What’s your perspective today? When I returned home this morning, I glanced down the length of the sidewalk, turned splotchy gray from rain. Quarter-inch puddles stood here and there in the uneven spots, evidence of the passage of years or else of the impatience of the long-ago sidewalk crew. A patch of black dirt stood next to a single mud puddle that reflected the darkened sky. Not such a cheery scene. However, in the center of the six-by-six-foot patch of black dirt grew a sizeable tangle of some sort of shamrock green foliage. I always take a few moments to draw near this little patch of exuberant green to contemplate dew or rain drops winking like diamonds on the surface of the leaves.
How closely are you looking? As I stepped closer, I avoided three snails, each one using its miraculously-constructed “muscular foot” (I had to look that up!) to push against the sidewalk and propel itself along. When my grandsons were younger, I had, perforce, developed the habit of glancing at the ground for little treasures, like roly-poly bugs, lady bugs, bottlecaps, coins and anything else that attracted their curiosity and their magpie-like vision.
Looking closely at God’s handiwork is a good habit. It is obvious that those whom Holy Spirit used to write the Bible were keen observers of nature. I am grateful to God that He provides glimpses of nature even if we must live and work in an urban environment. How often have I heard the chirp of sparrows in bushes as I walked into my office building? How many times have I thrilled to see the sunset from the lofty elevation of an interstate as I drove home on winter evenings? And, in recent years, I have found deep beauty and peace in city parks. But you have to pay attention. You have to look closely to see things like diamond-speckled leaves, right outside your front door.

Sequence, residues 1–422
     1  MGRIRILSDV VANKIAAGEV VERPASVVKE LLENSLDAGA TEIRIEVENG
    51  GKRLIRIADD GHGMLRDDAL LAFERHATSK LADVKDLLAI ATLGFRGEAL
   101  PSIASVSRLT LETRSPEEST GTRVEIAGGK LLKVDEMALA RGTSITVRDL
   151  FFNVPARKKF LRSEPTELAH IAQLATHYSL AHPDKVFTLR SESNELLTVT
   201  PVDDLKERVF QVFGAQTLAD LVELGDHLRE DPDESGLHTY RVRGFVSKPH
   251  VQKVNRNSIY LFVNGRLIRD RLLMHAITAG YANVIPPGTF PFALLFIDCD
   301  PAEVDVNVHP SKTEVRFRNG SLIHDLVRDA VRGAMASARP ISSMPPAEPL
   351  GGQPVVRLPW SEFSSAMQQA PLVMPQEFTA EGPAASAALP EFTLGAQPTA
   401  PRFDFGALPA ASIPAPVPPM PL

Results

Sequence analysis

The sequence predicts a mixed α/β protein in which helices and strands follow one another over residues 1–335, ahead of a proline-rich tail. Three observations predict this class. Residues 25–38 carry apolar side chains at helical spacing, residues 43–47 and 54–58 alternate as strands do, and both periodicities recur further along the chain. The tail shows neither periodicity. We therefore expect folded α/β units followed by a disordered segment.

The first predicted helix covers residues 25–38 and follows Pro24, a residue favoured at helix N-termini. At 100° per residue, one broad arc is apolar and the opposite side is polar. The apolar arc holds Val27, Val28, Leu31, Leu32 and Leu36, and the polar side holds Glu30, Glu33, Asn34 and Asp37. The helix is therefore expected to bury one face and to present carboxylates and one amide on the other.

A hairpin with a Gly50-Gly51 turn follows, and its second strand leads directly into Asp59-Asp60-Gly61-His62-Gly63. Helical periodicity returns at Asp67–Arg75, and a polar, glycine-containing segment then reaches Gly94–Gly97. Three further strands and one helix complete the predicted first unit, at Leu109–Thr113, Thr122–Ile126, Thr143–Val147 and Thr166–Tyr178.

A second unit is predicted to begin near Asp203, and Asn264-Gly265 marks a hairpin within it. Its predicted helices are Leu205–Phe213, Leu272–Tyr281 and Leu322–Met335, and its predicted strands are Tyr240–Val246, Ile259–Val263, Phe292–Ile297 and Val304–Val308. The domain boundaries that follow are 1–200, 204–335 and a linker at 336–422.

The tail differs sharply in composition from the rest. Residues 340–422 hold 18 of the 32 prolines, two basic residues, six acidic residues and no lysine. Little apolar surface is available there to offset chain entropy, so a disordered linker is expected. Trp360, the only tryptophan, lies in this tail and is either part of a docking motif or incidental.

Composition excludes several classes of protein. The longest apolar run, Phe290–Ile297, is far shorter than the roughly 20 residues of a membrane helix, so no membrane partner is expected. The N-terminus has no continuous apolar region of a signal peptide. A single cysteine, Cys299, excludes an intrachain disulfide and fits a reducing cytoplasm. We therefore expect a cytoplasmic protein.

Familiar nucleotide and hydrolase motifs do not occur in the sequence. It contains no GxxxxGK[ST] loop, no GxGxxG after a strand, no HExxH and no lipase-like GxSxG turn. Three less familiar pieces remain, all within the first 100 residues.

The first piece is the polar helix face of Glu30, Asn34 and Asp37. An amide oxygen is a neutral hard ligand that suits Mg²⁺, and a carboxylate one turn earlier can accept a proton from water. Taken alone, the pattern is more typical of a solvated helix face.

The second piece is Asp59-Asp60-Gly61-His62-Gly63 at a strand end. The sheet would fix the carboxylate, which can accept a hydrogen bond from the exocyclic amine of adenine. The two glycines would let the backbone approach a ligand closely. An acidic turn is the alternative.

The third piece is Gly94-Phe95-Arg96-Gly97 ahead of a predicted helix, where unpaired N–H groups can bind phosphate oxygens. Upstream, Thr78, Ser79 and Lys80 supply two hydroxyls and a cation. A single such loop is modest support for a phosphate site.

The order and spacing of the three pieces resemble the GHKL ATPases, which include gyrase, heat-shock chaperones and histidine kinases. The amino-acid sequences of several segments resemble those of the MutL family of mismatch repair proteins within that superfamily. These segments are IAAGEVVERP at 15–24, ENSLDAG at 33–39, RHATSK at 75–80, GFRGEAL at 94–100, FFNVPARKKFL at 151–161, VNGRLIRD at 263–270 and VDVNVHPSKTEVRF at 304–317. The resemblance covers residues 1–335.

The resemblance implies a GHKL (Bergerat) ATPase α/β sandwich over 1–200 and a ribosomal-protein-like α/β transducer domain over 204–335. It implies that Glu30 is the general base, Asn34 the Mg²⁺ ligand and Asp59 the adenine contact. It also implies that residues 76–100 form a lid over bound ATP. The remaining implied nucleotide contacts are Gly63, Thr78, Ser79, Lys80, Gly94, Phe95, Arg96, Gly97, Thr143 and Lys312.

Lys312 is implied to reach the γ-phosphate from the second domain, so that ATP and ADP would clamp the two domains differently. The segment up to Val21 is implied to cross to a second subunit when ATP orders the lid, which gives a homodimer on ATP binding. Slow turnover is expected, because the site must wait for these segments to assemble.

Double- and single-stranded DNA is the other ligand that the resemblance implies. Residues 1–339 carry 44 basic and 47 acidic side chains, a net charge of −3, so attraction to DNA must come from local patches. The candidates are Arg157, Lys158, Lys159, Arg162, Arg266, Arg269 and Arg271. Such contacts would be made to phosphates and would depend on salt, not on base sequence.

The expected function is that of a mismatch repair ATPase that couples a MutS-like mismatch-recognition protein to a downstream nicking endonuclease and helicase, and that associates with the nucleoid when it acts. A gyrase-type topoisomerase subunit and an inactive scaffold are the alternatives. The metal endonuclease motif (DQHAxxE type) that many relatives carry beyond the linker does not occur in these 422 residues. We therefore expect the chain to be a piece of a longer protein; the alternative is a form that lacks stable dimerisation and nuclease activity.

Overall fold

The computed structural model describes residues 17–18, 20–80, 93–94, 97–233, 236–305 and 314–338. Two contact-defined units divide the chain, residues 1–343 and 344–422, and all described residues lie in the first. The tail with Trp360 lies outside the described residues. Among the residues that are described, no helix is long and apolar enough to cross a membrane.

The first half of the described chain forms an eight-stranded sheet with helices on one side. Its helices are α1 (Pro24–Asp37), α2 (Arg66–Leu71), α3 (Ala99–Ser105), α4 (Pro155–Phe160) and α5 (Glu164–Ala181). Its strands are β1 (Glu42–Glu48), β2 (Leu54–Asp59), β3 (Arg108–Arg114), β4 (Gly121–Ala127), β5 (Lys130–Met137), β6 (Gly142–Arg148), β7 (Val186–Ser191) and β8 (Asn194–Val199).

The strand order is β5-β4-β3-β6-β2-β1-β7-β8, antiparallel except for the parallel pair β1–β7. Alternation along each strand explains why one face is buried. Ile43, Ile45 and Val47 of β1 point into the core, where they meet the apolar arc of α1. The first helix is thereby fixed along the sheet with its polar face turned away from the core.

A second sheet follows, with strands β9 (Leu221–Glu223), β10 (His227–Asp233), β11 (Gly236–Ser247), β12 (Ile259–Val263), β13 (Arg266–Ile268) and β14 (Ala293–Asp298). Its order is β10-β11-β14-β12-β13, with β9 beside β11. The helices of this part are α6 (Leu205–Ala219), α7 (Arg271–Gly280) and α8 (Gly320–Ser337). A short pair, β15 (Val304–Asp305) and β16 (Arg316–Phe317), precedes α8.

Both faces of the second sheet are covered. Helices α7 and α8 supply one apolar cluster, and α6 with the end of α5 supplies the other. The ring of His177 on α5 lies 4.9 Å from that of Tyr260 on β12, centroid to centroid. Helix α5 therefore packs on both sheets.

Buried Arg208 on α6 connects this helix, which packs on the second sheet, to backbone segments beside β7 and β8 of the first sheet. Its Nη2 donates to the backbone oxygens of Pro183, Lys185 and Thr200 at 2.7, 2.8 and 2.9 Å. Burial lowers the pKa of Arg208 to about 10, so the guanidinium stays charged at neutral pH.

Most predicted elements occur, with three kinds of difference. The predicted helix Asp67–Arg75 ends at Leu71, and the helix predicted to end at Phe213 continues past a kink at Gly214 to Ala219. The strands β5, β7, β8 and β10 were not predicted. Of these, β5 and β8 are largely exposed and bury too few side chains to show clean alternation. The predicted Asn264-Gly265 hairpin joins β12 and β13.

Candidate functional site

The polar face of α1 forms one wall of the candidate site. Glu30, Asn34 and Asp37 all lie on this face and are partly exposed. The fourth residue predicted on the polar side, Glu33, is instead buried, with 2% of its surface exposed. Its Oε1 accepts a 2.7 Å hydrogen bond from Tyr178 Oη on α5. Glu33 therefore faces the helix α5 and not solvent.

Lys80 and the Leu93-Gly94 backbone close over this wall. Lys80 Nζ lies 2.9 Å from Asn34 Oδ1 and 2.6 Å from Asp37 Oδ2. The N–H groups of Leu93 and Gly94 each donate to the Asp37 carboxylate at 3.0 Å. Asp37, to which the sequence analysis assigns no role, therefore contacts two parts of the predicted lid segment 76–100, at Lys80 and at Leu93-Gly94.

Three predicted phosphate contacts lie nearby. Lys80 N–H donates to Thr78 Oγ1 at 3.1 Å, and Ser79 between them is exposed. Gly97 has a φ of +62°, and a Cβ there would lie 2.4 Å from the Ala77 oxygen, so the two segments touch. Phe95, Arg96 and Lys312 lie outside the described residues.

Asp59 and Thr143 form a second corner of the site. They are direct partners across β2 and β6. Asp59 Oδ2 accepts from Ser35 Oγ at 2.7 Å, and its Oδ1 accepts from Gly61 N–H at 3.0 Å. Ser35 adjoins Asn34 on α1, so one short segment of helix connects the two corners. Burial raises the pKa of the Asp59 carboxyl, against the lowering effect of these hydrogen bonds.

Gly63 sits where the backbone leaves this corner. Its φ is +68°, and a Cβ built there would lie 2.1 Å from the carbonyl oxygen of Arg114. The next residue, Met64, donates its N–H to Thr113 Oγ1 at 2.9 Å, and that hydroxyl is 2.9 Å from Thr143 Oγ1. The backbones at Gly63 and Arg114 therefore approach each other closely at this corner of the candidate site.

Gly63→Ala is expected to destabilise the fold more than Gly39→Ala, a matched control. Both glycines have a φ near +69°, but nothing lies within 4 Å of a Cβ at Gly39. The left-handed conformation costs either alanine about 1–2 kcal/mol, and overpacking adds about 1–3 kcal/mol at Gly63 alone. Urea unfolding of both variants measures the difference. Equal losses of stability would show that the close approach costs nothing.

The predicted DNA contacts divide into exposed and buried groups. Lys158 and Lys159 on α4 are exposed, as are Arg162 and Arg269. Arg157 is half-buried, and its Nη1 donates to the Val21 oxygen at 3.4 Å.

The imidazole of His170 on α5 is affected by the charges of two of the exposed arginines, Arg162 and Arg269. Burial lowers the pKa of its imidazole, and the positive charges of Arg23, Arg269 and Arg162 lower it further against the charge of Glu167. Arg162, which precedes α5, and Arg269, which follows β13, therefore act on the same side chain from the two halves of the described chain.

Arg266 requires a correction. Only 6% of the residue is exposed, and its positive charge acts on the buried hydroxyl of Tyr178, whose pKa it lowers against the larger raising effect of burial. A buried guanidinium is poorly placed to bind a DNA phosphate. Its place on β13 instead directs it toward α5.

Beauty, wonder and peace. As I anticipate the next few weeks, which will include a repeat surgery and recovery, I am determined to focus on the countless good things God has provided, good things like knowledge and skill to physicians, bodies that generally work well (which is itself an unaccountable miracle when you think of how many moving parts we humans have!), food, shelter, family and friends, His Word, His powerful and sweet, sweet presence, a good church, and the way that carefully considering nature brings peace.
I wrote the following poem more than thirty years ago. I’ve lived in several homes since then. In each one, God always included a place where I could sit and drink in the sunset and sunrise, even though the view was often partially obstructed. Nonetheless, I sensed His special presence at sunrise and sunset and at any point in the day where I slowed down, observed His handiwork closely and gave Him thanks.
Won’t you take time, today, to slow down and stand in awe at the beauty with which God has lovingly surrounded you? Won’t you take time to be with God? He is waiting for you – eagerly, watchfully, joyfully.
“God changes the world for you”
God changes the world, twice, for you each day.
He dims the light
softens the sound
cools the air
and flames heaven with patterned colors,
all to delight your soul, calm your spirit, and give you rest.
As a tender parent, He blankets earth, and you, with soothing peace.
Stop. Still your hands. Let your Maker tell you of His love for you.
Pause in your rush to do. Listen.
He says “Be with Me” as He said to Adam and Eve in Eden.
Honor His love for you.
Let Him show you how He turns green branches into inky black filigree.
Let Him delight your ear with birdsong and thrumming silence.
Let Him cool your skin with gentle whispers of wind that slide through the sheltering trees.
Breathe deeply. Take in the fragrances floating in cooler air.
Let Him give your body rest.
Simply stop. Open your heart and your eyes to your Maker.
And thank Him.
You will feel His presence.
You will know His love.